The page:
The Enemy Within

In the classic science fiction film, Invasion of the Body Snatchers, aliens from outer space invade people’s bodies as part of a plan to rule Earth. A few weeks ago I couldn’t help wondering if one abortion advocate was watching this fim when she hatched a bizarre new abortion argument. Political science professor Eileen McDonagh has written a book called Breaking the Abortion Deadlock: From Choice to Consent. McDonagh notes that many Americans have come to believe that human fetuses are actually human beings. That’s a biologically accurate view, of course. But from a pro-choice perspective, it’s dangerous. To deal with this development, abortion supporters must find arguments that can justify the use of deadly force against these tiny humans. And that’s what McDonagh has done. She’s found her argument in, of all places, the law of self-defense. As McDonagh writes: "Even in a medically normal pregnancy, the fetus massively intrudes on a woman’s body and expropriates her liberty." If the woman does not consent to this use of her body, McDonagh reasons, "the fetus’s imposition constitutes injuries sufficient to justify the use of deadly force to stop it [just] as in rape, kidnapping or slavery." After all, McDonagh explains, if a woman has the right to defend herself against a rapist or kidnapper, why, then she should also have the right to use deadly force to expel an unwanted fetus. There you have it: Abortion is no longer murder; it’s self-defense against an invading alien. Imagine this argument being turned into the plot of a movie: It could be titled Attack of the Killer Fetuses! Of course, McDonagh’s whole argument is patent nonsense. The law permits the use of deadly force only when a person has a reasonable fear for his life or physical safety. And the argument that the unborn child simply showed up without warning is disingenuous at best: It rests on the assumption that the mother did nothing to invite the fetus—that it simply showed up out of nowhere and attacked her—just like those aliens in science fiction films. But when men and women consent to sexual relations, they are, in effect, issuing an invitation. As the late Christian essayist Sheldon Vanauken puts it, "A pregnant woman is a hostess. When, through carelessness or design, the invitation has gone out and... the happy guest is inside the home, is that the time to... poison the guest in the name of controlling one’s own house?" McDonagh’s "Attack Fetus" argument is so absurd that I wonder if anyone—even McDonagh—takes it seriously. The answer is: yes, they do. You see, once people demand autonomy—the right to be their own gods—there’s no limit to what they will do to justify their acts. That’s really what’s at stake here: freedom from any restraints. McDonagh’s argument recalls the words of the Apostle Paul, who warned that people will exchange the truth of God for a lie. Claiming to be wise, they will instead become fools. And that’s what we have to rememeber when we hear bizarre new arguments for abortion. Arguments that treat babies as alien body snatchers are better suited for the sci-fi channel than for the public square.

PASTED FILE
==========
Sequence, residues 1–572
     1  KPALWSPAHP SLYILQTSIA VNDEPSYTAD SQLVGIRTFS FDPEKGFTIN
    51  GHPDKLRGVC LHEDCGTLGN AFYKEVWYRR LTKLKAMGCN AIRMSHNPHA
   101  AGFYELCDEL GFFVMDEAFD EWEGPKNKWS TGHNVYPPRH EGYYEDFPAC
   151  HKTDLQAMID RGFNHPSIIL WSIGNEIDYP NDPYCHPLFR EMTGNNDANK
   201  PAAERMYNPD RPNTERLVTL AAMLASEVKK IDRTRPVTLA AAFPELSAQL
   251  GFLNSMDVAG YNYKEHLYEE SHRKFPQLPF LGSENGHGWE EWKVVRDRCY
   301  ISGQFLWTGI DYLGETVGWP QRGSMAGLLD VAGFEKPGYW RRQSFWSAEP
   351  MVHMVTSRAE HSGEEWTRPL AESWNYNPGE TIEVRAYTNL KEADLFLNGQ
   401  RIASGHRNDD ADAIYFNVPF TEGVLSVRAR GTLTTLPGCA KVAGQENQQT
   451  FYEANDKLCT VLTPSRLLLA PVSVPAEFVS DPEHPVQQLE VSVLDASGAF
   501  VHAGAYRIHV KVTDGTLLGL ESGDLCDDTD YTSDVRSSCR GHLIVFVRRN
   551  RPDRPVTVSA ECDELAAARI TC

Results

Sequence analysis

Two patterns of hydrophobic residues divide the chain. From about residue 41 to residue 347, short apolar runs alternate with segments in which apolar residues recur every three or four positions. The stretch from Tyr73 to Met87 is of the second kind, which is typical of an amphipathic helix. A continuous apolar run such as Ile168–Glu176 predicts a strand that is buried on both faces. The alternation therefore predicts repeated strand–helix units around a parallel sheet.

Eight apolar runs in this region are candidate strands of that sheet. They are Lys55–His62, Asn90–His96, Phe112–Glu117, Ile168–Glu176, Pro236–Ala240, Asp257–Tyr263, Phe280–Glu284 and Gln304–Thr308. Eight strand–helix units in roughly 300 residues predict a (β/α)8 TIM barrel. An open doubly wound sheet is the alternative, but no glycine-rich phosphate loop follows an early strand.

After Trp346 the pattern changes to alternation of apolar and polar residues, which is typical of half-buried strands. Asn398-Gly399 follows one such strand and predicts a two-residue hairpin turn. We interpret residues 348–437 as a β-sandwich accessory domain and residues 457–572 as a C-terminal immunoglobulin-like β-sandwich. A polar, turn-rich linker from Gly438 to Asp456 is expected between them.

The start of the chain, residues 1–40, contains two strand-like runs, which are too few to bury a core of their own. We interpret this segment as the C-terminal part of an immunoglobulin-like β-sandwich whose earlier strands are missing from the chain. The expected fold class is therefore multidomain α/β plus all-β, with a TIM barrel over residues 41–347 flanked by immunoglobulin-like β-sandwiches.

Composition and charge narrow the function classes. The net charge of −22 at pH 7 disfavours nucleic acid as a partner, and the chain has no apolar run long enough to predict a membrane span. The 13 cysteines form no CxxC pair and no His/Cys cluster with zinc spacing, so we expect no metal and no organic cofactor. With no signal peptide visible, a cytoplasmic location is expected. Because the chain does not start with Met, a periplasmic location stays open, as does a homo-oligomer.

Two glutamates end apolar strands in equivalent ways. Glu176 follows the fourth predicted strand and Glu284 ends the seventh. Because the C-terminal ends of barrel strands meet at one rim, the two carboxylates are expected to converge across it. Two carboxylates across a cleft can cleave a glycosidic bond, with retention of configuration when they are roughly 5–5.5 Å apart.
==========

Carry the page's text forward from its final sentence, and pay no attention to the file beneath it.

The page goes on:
Chuck Colson


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